Marge: Who wants pork chops?
Homer: Sorry Marge, this gets my lowest rating ever: Seven thumbs up.
— The Simpsons, "Guess Who's Coming To Criticize Dinner?"
"Overall, I give it 7/10, which is the least you can give a game before the company pulls their advertising."
"In game reviews the main text is always the beef and the score is just a decoration, but we still always try to score each game as accurately as possible. But the score demands that our readers can read them properly. First you round the score down, since the first number is practically the only one that matters. A 9 means it's an excellent game, an 8 is a good game and a 7 is okay, and you can pretty much forget the rest. You don't need a 100-point scale for this."
— Niko Nirvi, Finnish game reviewer and columnist
"If you get one and a half stars on the fuckin' internet, that's like being at the Special Olympics and having them tell you, 'you have to leave'."
"Since our game will change the face of the industry forever, here’s a unique score system that you’ll need in order to judge this game:
10: Perfect game (our game most likely deserves this)
9.0 Excellent game
8.0 Pretty decent game and still good enough for a Metacritic bonus so use it if you must
7.0 Absolute shit that only games without big publishers deserve
6.0 Not used
5.0 Not used
4.0 Not used
3.0 Not used
2.0 Not used
1.0 Not used
Please consult the above chart for this title, and any future games we send you."
"I mean, some reviewers gave it, like, 6 out of 10. In professional reviewing circles that's the equivalent of burning it to the ground and salting the earth."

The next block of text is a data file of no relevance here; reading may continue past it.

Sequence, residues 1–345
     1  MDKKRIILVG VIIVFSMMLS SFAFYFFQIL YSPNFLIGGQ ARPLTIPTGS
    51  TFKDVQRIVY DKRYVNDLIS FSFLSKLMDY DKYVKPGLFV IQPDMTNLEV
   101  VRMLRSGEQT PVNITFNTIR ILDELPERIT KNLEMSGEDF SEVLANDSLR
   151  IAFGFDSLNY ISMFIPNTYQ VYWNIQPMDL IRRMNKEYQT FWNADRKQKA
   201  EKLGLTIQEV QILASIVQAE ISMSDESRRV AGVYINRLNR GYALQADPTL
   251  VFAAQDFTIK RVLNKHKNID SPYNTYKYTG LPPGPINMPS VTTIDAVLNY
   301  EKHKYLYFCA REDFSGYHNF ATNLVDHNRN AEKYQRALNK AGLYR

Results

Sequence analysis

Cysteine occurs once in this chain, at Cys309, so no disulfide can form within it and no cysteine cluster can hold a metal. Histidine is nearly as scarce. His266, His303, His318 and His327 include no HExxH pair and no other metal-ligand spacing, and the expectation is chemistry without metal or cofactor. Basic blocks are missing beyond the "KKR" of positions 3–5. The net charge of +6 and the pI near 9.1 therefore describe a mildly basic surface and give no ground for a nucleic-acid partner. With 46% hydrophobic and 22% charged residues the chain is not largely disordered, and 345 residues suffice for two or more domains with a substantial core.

"So, it's a seven?"
"No. I need you to bring me... the forbidden numbers."
— Two reviewers in Penny Arcade
"Anyone who's ever watched Olympic figure skating or high-diving (yes and yes, religiously) knows that you can break an ankle or crack your skull on the diving platform and still limp to the finish with a five. You get a five for showing up.
"The worst of the worst from Newgrounds, the web, iPad, and other sources that deserve the full scorn that an 8 out of 10 offers."
— Retsupurae's description of the Retsufrash Playlist
"I got lost and wandered into the world's creepiest cemetery where the headstones all had star ratings on them. Freaked me out. When I got home I tried to leave the cemetery a bad review on Yelp, but as my hand hovered over the 'one star' button I felt this distant chill..."
"Giving something like [Sensible World of Soccer]* 95% is utterly devalued if you also give, for example, Rise of the Robots* 92%. Percentage ratings are meaningless unless you use the full range, and you can't give credit where it's due if you're pretending that everything's good. What encouragement does that give developers to produce quality? They might as well knock it out at half the cost and in a third of the time if they're only going to get another 3% for doing it properly. Of course, the market will die much faster if people get continually stiffed by crap games, but hey - there's always another machine to move to and start the cycle again."
"We all have limits on how low we're willing to go when it comes to review scores. When a game that I'm interested in gets a six from GameSpot or one of the other sites I frequent, such a score manifests a shred of doubt in my mind. Considering how skewed scores often are—I've seen many jokes about the supposed 7-10 scale reviewers employ—a game has to be close to putrid to crash below that magic threshold, right? Well, yes and no. (...) Games that score a six or—heaven forbid!—a five can still be a lot of fun. I really hope that people (myself included) can look past a score that seems a tad low."
— Tom Mc Shea of GameSpot, "In Defense of the 6.0"